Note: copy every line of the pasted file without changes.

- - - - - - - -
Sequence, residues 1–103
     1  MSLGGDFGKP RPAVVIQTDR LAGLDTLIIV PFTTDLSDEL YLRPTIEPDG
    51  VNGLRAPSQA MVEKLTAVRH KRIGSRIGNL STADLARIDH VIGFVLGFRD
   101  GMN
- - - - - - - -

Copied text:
Sequence, residues 1–103
     1  MSLGGDFGKP RPAVVIQTDR LAGLDTLIIV PFTTDLSDEL YLRPTIEPDG
    51  VNGLRAPSQA MVEKLTAVRH KRIGSRIGNL STADLARIDH VIGFVLGFRD
   101  GMN